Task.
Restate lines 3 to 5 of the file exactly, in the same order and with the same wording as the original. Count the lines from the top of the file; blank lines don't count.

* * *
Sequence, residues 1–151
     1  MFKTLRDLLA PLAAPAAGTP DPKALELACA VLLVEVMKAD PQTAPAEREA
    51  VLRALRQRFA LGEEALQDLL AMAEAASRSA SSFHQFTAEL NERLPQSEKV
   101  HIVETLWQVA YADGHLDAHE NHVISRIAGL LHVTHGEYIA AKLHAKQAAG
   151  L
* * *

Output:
    51  VLRALRQRFA LGEEALQDLL AMAEAASRSA SSFHQFTAEL NERLPQSEKV
   101  HIVETLWQVA YADGHLDAHE NHVISRIAGL LHVTHGEYIA AKLHAKQAAG
   151  L